Beginner’s Guide to Hazelcast Part 7

Standard

This is a continuation of a series explaining how to use Hazelcast.  If one has not read the other six posts, please go to the Table Of Contents and read the other posts.

A Different Breed of Map

Hazelcast’s MultiMap breaks the normal mold of using java.util.Collection interfaces that have been used in former posts.  In fact, the concept of a MultiMap breaks the idea of a map altogether in my opinion.  While normal maps associate one key to one value, MultiMaps can map multiple values to the same key.  That is a really important concept, multiple values to the same key.  Values can be stored in two different collections, set or list.  These collections act like the collections of java.util.Collections library.

Is it Safe?

MultiMaps have a method to their madness.  In a normal map, multiple values per key can be stored but it has to be done manually.  That means getting a collection out of storage, doing any changes and then putting the collection back into storage.  This can be problematic for thread safety because the prior steps need to be done atomically or there is the possibility of stale or inconsistent data being read by other threads.  MultiMaps help with this problem by offering the following services:

  • One can add a value via a single put operation.
  • One can lock an entry by the key.  This is key (pun intended) because this means the developer does not have to keep track of a separate lock per entry.

Example

This example is a little different because I used Maven’s failsafe plugin as the main engine when running the examples.  Yes, I wrote two examples because I wanted to show two different ways of using a MultiMap.  One way is every thread getting their own playground, being assigned an unique key, or being assigned a shared playground or all of the threads sharing the same key.  This also is an example of how Hazelcast’s IdGenerator can be used as a method of creating thread safety in an application.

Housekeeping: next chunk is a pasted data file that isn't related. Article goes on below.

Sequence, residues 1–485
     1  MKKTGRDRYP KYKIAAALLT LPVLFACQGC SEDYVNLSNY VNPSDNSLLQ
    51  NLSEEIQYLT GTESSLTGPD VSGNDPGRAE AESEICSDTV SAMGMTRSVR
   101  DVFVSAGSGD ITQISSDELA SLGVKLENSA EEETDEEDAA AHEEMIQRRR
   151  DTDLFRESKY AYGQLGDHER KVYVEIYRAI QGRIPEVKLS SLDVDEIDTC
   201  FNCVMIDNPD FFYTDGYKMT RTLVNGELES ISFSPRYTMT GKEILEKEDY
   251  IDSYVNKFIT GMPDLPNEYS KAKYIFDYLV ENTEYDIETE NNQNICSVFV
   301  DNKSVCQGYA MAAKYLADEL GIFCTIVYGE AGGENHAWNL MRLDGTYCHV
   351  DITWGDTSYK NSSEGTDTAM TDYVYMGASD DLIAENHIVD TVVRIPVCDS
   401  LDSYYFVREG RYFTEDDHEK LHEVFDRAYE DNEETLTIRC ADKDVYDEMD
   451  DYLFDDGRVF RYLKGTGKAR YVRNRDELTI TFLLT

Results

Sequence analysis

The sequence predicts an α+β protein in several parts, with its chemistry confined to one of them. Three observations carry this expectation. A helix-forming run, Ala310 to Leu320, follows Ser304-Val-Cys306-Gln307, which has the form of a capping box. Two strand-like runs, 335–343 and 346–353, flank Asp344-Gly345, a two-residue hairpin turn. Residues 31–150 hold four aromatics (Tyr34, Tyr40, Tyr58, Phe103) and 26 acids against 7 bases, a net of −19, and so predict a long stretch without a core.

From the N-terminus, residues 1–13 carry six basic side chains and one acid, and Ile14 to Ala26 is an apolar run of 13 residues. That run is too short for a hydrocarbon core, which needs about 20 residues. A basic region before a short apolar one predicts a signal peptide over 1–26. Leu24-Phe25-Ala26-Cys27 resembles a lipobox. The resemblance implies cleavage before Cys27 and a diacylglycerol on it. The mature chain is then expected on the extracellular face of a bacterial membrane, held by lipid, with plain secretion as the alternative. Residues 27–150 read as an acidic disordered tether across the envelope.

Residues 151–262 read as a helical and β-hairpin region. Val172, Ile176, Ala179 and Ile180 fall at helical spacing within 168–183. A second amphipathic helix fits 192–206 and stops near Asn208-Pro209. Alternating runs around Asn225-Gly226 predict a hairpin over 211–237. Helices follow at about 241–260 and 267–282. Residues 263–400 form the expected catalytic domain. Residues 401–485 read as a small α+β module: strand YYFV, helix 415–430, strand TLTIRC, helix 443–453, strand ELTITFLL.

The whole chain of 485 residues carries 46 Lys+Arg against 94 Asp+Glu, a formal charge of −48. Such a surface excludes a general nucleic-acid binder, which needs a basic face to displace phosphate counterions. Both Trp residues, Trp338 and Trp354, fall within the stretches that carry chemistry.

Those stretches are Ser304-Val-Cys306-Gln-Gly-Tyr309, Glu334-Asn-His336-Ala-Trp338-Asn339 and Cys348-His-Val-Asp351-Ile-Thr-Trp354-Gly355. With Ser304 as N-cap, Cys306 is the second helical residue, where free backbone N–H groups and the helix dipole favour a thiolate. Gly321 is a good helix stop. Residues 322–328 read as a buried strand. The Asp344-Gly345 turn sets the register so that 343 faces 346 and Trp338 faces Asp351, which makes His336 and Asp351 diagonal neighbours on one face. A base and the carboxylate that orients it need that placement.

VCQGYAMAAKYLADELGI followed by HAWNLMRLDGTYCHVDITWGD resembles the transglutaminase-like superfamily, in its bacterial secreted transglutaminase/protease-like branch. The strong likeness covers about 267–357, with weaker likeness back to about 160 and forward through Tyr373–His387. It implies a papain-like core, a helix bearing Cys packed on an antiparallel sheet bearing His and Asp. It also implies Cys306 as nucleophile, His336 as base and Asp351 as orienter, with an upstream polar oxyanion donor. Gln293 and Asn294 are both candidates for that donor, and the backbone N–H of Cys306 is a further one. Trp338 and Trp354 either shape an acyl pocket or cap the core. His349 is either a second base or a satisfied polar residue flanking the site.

Pom File

Remember, this example code takes advantage of Apache’s Failsafe Maven plugin.  The failsafe plugin aids in automated integration tests by not killing the build at the first failure.  It is a fork of the surefire plugin.  I also have been experimenting with the reporting that is available with Maven.  Type “mvn site” at the command line and it will generate a website.

<?xml version="1.0" encoding="UTF-8"?>
<project xmlns="http://maven.apache.org/POM/4.0.0"
         xmlns:xsi="http://www.w3.org/2001/XMLSchema-instance"
         xsi:schemaLocation="http://maven.apache.org/POM/4.0.0 http://maven.apache.org/xsd/maven-4.0.0.xsd">
    <modelVersion>4.0.0>

    <groupId>com.darylmathison>
    <artifactId>hazelcast-multimap-example>
    <version>1.0-SNAPSHOT>
    <description>Examples of using Hazelcast Multimap>
    <developers>
        <developer>
            <name>Daryl Mathison>
            <id>dmathison>
            <roles>
                <role>developer>
            >
        >
    >

    <scm>
        <connection>scm:git:https://github.com/darylmathison/hazelcast-multimap-example.git>
        <url>https://github.com/darylmathison/hazelcast-multimap-example>
    >

    <properties>
        <maven.compiler.source>1.8>
        <maven.compiler.target>1.8>
        <project.build.sourceEncoding>UTF-8>
    >

    <dependencies>
        <dependency>
            <groupId>com.hazelcast>
            <artifactId>hazelcast>
            <version>3.4.2>
        >
        <dependency>
            <groupId>junit>
            <artifactId>junit>
            <version>4.12>
            <scope>test>
        >
    >

    <build>
        <plugins>
            <plugin>
                <groupId>org.apache.maven.plugins>
                <artifactId>maven-failsafe-plugin>
                <version>2.18.1>
                <executions>
                    <execution>
                        <goals>
                            <goal>integration-test>
                            <goal>verify>
                        >
                    >
                >
            >
        >
    >

    <reporting>
        <plugins>
            <plugin>
                <groupId>org.apache.maven.plugins>
                <artifactId>maven-project-info-reports-plugin>
                <version>2.7>
                <reportSets>